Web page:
Abbey Wagner of Sumner, Mississippi, didn’t envision herself as a farmer. “I don’t believe I necessarily chose agriculture. It chose me,” she says. “It has always been a huge part of my family as long as I can remember. It’s how my family has made a living and will continue to make a living.”
After earning a bachelor’s degree in marketing from Delta State University, Wagner knew she wanted to stay in the Mississippi Delta. She found the opportunity to do so back where she started. At her family’s Two Brooks Farm, Wagner markets the farm’s single estate rice, which is ecologically grown and milled in the heart of the Mississippi Delta, directly to consumers and restaurants.
“To be honest, I never would have imagined myself doing what I am doing now, and I would not be doing what I am doing if it wasn’t for my dad and mom.
“I am forever grateful my dad presented me with this opportunity,” she says. “I do not farm any land, yet. I am on the marketing side of Two Brooks Rice, and I am working in the rice mill. I’ve been told I make a pretty mean rice flour.”
She’s contemplating adding the production side of rice farming to her list of responsibilities. “I think it would benefit me to see every little detail and decision that goes into the planting, growing and harvesting of our product. I have very much enjoyed working on the marketing side though, meeting so many new people and amazingly talented chefs that use our rice.”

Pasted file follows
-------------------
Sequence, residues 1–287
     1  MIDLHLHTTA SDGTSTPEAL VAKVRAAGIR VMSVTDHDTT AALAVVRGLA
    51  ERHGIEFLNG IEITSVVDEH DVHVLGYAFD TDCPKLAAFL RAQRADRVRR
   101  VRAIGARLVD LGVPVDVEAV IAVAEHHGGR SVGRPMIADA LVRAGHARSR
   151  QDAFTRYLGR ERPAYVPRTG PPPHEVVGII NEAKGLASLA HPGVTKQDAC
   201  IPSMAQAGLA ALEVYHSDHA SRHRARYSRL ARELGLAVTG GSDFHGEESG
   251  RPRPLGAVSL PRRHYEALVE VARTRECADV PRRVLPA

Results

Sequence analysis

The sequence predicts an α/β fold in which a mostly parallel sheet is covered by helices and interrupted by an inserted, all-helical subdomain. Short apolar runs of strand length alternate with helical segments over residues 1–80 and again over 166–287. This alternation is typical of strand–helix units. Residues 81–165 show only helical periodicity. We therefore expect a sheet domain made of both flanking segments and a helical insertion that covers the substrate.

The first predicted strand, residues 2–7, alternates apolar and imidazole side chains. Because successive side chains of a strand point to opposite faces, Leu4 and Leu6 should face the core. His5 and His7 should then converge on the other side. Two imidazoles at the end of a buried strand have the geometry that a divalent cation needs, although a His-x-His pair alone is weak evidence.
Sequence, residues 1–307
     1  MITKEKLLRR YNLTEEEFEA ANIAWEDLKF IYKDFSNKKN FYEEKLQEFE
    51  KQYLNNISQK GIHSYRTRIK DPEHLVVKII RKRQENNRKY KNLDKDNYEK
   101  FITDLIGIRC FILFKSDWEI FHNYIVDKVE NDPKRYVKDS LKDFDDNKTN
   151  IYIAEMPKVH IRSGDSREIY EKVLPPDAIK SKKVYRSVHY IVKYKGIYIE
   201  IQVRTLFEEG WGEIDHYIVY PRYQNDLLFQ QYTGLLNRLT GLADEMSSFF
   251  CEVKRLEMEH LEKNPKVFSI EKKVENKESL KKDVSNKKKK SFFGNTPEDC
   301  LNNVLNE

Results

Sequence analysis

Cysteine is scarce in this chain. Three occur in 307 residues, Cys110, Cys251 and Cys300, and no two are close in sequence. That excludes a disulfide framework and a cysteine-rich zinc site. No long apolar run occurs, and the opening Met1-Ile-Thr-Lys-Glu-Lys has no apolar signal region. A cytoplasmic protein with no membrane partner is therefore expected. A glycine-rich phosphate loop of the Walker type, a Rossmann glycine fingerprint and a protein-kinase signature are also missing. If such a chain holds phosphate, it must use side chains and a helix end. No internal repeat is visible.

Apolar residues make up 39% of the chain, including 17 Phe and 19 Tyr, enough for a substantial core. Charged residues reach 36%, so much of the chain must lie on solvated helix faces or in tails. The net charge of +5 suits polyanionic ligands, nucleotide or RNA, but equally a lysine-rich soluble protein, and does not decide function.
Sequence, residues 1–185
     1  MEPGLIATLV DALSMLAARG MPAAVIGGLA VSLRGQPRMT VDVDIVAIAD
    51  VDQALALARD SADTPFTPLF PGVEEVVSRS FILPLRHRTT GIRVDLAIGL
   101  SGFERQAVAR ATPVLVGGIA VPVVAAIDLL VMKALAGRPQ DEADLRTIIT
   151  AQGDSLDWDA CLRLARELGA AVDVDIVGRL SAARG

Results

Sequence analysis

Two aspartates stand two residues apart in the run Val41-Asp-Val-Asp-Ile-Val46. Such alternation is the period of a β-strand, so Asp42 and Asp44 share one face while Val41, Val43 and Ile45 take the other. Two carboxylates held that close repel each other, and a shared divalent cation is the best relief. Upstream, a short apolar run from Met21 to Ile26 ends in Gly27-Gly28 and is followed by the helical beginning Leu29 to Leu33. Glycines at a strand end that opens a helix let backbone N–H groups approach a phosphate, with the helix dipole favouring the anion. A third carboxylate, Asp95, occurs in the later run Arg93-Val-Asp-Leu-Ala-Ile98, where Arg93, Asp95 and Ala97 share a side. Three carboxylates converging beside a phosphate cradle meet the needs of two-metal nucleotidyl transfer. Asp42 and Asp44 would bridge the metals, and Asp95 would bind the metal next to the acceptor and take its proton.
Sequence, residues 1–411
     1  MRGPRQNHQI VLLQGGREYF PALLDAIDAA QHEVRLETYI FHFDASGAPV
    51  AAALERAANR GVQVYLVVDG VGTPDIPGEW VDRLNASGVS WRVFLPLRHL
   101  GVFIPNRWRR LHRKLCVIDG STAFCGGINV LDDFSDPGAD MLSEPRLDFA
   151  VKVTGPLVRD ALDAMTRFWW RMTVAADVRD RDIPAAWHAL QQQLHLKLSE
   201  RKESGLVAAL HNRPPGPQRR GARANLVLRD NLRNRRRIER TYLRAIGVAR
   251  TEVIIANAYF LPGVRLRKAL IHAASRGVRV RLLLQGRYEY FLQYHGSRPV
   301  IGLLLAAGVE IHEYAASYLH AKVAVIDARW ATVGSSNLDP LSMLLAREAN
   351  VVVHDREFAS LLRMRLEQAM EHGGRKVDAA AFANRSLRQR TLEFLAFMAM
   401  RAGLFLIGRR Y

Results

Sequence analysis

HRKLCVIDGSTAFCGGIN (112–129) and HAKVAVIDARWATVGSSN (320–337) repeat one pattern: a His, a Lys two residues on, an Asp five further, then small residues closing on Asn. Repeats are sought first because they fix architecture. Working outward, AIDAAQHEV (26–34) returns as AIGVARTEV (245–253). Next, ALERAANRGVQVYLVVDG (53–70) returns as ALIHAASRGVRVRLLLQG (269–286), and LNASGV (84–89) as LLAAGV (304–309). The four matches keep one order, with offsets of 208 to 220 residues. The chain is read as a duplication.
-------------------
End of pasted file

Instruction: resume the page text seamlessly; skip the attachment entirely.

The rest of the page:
Wagner doesn’t see her role as a female in the industry as different from her male counterparts. “I think women and men both face obstacles in agriculture that need overcoming,” she says. “I offer another brain just like every other employee on the farm. We all work together to make this business work, and we all are learning something new every day. Two Brooks wouldn’t be able to run if it wasn’t for each and every employee we have.”
Wagner credits her parents’ worth ethic and sacrifice for her early career success.
“Every late night and early morning spent working, missed T-ball game, and money my dad saved, and not selfishly or luxuriously spent, was a sacrifice he made for his family,” she says. “My mother selflessly took on my brother and I full time, so my dad could fulfill his dreams, all while she continued to teach grade school, shuttle us back and forth from Sumner to Clarksdale for school and put a home-cooked meal on the table every night.”